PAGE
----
The Twins open their 2018 campaign Thursday at Baltimore, and there is no question this team has its sights on challenging Cleveland for the AL Central title, which they haven’t won since 2010. Last year, the Twins went 85-77 and grabbed the second AL wild card, but were still 17 games back in the standings of the Indians.

One thing to keep watch of is how this year affects the Twins’ decision-making when it comes to contracts in 2019.

The Twins begin the season with the 19th-highest payroll in baseball at $131.3 million, their highest ever. But looking at next year, they have only $37.7 million in payroll allocated because so many of their players are either on one-year deals, entering the final year of their contract or about the get big paydays in arbitration.

What you will see on the field in 2018 might be one of the Twins’ most competitive teams in a decade, but it also might be a team that doesn’t last more than one season.

Big decisions loom

Twins Chief Baseball Officer Derek Falvey and General Manager Thad Levine have done a fantastic job signing free agents this offseason and getting the 25-man roster together. The two have proved they can do this job and that whatever challenges they face, they can be patient in who they sign and at what price.

Their patience in landing free agents Lance Lynn and Logan Morrison could pay huge dividends and if they don’t, they didn’t hamstring the franchise with big contracts moving forward.

But there will be challenges coming.

The Twins roster features five key players who will be free agents after this season in Joe Mauer, Brian Dozier, Eduardo Escobar, Zach Duke and Lynn.

It has four players who are entering their first year of arbitration in Miguel Sano, Byron Buxton, Max Kepler and Eddie Rosario — those four just so happen to be the future of the offense.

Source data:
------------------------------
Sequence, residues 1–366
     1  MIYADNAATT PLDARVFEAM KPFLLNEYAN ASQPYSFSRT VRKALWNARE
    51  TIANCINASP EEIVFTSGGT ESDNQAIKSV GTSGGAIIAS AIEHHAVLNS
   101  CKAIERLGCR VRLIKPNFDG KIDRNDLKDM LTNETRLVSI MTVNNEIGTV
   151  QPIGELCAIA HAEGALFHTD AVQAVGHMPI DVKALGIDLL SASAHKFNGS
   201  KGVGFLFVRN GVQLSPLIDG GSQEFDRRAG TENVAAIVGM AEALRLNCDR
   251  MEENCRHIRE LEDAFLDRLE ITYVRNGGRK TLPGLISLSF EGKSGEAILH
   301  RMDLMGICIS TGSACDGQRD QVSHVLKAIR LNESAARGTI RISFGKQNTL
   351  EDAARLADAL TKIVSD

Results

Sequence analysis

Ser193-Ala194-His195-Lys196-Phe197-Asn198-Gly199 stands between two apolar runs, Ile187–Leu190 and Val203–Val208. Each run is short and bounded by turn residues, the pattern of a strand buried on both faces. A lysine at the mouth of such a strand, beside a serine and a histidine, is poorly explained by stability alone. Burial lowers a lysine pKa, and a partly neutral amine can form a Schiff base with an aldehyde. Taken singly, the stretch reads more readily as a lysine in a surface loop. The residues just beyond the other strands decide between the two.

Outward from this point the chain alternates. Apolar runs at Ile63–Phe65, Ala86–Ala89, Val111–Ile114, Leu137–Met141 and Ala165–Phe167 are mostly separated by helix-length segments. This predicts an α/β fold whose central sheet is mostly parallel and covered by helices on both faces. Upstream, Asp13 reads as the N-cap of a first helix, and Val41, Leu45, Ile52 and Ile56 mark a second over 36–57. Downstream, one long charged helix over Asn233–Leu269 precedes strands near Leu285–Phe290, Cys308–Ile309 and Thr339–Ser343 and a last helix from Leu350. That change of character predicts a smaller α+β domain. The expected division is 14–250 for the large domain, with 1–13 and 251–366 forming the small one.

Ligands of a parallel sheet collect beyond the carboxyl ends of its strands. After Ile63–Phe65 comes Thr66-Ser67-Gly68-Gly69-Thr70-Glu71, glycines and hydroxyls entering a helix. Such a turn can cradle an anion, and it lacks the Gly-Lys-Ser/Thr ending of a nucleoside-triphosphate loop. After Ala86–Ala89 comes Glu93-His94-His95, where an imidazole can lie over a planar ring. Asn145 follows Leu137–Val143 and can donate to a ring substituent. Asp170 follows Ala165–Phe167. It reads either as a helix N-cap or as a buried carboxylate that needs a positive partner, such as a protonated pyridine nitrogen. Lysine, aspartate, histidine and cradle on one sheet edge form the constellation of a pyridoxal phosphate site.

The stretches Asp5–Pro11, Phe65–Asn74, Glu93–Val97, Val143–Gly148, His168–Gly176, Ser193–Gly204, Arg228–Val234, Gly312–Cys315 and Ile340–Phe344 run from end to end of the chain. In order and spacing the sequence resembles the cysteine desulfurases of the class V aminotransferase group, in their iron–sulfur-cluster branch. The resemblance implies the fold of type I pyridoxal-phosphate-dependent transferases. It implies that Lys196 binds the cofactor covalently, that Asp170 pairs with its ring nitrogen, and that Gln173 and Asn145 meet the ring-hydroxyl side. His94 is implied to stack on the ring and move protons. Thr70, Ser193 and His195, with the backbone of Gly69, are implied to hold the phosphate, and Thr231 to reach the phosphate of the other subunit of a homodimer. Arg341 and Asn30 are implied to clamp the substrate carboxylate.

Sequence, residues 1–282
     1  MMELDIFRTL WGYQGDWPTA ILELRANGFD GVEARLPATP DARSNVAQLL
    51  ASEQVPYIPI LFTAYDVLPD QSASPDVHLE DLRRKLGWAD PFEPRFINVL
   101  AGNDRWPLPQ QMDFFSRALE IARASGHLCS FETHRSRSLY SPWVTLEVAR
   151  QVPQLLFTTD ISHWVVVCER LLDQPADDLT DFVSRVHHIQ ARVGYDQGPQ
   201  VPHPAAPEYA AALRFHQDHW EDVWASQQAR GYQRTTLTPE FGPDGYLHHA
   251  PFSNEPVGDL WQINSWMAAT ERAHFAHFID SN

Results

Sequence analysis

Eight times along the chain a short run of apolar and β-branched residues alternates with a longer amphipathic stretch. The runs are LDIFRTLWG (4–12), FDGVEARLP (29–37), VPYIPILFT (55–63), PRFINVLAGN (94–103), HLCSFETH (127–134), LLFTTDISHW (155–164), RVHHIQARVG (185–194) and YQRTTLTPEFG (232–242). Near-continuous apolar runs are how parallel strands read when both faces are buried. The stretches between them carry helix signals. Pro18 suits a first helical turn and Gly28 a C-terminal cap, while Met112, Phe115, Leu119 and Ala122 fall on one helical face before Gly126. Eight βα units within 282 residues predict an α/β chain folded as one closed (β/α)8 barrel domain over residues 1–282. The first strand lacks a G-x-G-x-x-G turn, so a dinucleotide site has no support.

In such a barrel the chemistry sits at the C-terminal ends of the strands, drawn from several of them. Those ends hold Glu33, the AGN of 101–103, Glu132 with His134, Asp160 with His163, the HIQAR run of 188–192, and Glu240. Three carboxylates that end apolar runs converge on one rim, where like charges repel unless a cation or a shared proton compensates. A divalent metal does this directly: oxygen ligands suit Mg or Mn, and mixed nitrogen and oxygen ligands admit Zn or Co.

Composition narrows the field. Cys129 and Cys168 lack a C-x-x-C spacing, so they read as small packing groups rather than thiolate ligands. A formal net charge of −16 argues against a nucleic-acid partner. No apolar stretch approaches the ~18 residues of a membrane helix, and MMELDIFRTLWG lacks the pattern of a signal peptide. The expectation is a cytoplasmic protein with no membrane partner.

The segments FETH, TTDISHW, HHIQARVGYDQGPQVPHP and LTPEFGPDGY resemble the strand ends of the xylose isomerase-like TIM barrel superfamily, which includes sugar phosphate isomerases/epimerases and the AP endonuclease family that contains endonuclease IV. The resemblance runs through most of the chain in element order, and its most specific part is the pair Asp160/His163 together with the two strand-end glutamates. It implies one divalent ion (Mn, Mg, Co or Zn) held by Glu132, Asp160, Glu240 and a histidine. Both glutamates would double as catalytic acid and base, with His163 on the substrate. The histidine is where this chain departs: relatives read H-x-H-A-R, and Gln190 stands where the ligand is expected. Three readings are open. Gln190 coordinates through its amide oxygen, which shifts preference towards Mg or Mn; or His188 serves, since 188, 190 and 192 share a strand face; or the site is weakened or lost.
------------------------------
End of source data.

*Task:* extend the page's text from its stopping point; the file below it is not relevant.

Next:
Ehire Adrianza and Robbie Grossman will enter their second round of arbitration next year. Newly acquired Jake Odorizzi, fellow starter Kyle Gibson and reliever Ryan Pressly will enter their third year of arbitration before becoming unrestricted free agents heading into the 2020 season.

So while the Twins still have team control over a number of players, the only players under contract for the 2019 season at this point are catcher Jason Castro ($8 million) and pitchers Phil Hughes ($13.2 million), Addison Reed ($8.5 million) and Michael Pineda ($8 million). In addition, three players have options: designated hitter Morrison ($8 million, but potentially worth up to $9.5 million based on plate appearances this year) and pitchers Ervin Santana ($14 million) and Fernando Rodney ($4.3 million).

Hughes, Santana and Pineda will all start 2018 on the disabled list, with Pineda unlikely to pitch this season.

The Twins will have a lot of moves to make next offseason, but they will also have huge decisions on how much to offer their young stars, whether to extend them to long-term deals, and whether to bring back players such as Mauer, Dozier, Escobar and Lynn — if they have the opportunity to do so. Dozier said this spring that he intends to test the free-agent market.

Team President Dave St. Peter said Wednesday that balancing the roster and the payroll is one of the biggest challenges the team faces during this season and in forecasting the long-term future.